Invisible Nomads

Credit: Susan Ackerman, July 2015; ASOR

In Numbers 21, Israel continued its travels east, attacking Arad, moving from Mount Hor to avoid Edom, and then onto the banks of the Arnon River. In moving across the rift valley and into the Transjordan, they crossed the Aravah, the arid region stretching from the Dead Sea going south to the Gulf of Aqaba.

Archaeological studies in this region highlight the limitations of the field of archaeology, and have important implications for arguments about the United Monarchy of King David and Solomon.

The Aravah region contains two major copper deposits that were major ancient copper production sites: Faynan in Jordan and Timna in southern Israel.

Faynan is located in southern Jordan, roughly 20 miles southeast of the Dead Sea. At its peak, Faynan was possibly the largest copper production facility in the eastern Mediterranean after Cyprus, the island which gave Latin and later English the term copper. Remains of the activity at Faynan are evidenced in the 200,000 tons of slag residue from smelting activities and thousands of mines.

Timna, situated north of Eilat, Israel, was a large copper production facility in the Late Bronze Age and into the Iron Age. It too contains vast slag remains and ancient mines, evidence of the large scale copper production that occurred on-site.

Notably, the production at these sites in the Iron Age does not appear to be associated with any of the major powers in the region. For example, in the Late Bronze Age at Timnah, Egypt controlled the site, as seen with an Egyptian temple to Hathor, an Egyptian goddess. By contrast, in the 10th and 9th centuries BCE, evidence for Egyptian control is absent. Instead, the copper production sites appear to have been run by a nomadic kingdom. One suggestion is that the site was run by a nomadic Edomite kingdom. Others suggestions are the Midianites or another nomadic group.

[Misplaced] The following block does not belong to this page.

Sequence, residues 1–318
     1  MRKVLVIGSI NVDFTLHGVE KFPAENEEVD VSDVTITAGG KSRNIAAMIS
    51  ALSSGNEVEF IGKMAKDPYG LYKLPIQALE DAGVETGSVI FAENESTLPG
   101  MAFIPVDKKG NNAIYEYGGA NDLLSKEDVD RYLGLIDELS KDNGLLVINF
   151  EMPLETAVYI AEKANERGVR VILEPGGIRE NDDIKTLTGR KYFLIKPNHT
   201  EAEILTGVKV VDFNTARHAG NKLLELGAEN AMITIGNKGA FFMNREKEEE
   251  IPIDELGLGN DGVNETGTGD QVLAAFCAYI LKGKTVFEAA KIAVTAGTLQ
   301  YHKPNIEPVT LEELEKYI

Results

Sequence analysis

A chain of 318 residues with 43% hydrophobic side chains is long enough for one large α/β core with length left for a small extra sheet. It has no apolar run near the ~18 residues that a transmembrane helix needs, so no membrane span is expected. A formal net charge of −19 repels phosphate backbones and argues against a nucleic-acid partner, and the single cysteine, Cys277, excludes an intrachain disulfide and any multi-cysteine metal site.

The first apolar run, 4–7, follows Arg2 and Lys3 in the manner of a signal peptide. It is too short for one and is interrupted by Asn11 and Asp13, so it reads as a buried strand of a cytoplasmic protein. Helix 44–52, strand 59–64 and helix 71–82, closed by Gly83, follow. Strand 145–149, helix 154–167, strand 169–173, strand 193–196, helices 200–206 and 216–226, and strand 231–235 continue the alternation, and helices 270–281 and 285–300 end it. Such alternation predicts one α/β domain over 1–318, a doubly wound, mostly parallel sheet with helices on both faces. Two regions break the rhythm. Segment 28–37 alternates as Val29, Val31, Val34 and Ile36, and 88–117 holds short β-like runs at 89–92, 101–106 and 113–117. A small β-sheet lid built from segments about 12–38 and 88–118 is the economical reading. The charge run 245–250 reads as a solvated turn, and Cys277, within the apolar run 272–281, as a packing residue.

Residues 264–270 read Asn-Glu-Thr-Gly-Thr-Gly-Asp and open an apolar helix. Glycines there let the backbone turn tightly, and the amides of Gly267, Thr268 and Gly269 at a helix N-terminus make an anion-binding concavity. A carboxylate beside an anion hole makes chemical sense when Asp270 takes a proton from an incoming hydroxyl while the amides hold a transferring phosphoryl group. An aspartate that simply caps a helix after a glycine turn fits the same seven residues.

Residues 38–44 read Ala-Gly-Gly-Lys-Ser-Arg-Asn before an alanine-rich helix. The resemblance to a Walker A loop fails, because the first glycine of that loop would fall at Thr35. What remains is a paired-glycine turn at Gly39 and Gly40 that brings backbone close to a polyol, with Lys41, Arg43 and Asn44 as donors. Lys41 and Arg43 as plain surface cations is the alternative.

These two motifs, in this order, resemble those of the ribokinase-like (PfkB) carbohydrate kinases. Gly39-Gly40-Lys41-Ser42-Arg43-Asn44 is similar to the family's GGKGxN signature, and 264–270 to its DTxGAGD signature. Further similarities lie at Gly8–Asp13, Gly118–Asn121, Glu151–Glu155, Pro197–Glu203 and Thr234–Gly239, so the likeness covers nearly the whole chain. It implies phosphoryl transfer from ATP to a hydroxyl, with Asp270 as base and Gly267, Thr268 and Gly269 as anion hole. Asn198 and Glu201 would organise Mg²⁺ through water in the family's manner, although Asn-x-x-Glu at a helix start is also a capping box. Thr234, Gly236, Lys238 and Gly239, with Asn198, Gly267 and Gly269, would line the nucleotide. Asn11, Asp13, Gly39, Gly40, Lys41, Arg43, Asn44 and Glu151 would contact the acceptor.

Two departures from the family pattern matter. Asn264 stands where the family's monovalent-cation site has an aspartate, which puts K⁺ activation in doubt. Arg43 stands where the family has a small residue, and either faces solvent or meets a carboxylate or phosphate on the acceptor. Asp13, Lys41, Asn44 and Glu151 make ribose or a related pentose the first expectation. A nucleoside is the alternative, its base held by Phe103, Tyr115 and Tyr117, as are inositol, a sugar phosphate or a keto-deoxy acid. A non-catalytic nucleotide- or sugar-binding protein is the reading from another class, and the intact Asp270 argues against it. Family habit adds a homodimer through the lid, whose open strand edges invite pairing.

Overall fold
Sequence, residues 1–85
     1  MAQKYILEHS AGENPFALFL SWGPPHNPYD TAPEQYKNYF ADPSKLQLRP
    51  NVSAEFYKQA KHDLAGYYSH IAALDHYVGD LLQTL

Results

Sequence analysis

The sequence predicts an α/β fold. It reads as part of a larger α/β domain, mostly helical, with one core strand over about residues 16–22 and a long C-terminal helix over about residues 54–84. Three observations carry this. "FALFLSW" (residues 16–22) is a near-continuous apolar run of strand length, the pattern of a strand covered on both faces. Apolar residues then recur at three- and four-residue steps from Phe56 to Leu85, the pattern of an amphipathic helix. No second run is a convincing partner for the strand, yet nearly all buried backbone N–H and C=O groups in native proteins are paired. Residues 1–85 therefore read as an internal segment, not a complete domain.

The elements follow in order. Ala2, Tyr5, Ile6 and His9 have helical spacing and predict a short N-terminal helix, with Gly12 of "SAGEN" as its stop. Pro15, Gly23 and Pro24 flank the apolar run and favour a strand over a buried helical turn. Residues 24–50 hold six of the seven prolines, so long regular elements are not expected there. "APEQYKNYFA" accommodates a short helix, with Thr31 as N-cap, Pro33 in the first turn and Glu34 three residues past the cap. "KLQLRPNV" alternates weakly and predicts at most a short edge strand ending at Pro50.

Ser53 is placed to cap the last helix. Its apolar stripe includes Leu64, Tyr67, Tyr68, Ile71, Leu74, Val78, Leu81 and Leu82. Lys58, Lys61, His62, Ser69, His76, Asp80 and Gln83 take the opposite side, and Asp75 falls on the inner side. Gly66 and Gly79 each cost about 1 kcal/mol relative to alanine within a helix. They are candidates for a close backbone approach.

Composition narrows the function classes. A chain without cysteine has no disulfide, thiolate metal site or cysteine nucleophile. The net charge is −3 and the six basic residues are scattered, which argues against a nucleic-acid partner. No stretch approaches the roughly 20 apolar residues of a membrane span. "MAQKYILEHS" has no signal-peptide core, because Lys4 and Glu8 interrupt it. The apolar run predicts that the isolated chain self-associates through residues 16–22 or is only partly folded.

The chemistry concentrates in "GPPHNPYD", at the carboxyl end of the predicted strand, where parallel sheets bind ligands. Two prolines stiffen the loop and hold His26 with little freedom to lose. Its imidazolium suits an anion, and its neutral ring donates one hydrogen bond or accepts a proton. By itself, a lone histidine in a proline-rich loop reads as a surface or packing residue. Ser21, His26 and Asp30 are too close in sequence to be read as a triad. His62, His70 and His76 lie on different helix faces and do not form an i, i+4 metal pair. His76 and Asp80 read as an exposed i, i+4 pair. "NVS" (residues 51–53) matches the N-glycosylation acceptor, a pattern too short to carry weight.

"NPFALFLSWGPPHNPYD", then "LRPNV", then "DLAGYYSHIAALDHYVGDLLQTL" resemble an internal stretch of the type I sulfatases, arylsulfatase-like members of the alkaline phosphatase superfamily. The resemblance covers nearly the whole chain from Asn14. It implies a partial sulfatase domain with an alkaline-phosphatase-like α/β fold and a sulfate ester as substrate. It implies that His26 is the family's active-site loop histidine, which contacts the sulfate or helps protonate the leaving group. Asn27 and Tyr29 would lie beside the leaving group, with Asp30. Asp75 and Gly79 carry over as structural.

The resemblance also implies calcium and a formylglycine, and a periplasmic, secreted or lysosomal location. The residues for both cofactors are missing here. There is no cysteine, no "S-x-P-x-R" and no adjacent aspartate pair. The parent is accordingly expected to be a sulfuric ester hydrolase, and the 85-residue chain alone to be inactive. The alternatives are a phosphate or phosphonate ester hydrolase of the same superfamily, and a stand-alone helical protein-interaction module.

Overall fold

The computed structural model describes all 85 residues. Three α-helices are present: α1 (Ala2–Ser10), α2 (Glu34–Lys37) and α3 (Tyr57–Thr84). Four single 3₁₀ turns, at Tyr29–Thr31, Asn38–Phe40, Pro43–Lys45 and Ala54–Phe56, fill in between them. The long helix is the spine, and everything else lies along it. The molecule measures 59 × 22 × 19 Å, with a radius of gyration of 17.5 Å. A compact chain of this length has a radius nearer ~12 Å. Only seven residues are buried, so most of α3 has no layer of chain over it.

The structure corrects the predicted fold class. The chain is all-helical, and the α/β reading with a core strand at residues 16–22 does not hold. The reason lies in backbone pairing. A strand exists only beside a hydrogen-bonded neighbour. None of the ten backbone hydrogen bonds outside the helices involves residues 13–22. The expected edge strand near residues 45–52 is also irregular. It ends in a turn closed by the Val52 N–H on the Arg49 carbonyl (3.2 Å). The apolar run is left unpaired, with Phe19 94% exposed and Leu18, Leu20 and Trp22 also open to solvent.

The operational activities at both Faynan and Timnah were highly complex. The sites were arid, and required vast quantities of water, food, slaves, wood and mining equipment to be procured and transported to and managed on-site. This required a high degree of organization and cooperation.

Nomads do not easily appear in the archaeological record. Nomads do not leave the developed sites, fixed buildings and monumental architecture that archaeologists use to determine the size and power of typical settled kingdoms.

Faynan and Timnah demonstrate that nomads were capable of highly complex organizational activities despite lacking a permanent capital or home site. Jerusalem in the 10th century BCE does not appear to be a highly developed capital. But the finds at Faynan and Timnah show that it need not have been to be able to lead a complex kingdom of associated tribes. A 10th century BCE Kingdom of Israel led from Judah by a King David or King Solomon may have had a large nomadic component that does not appear in the archaeological record, but that still was able to control and direct resources at a distance from Jerusalem.

The image above is of the remains of an Iron Age fortress at Khirbat en-Nahas, in the Faynan region of Jordan.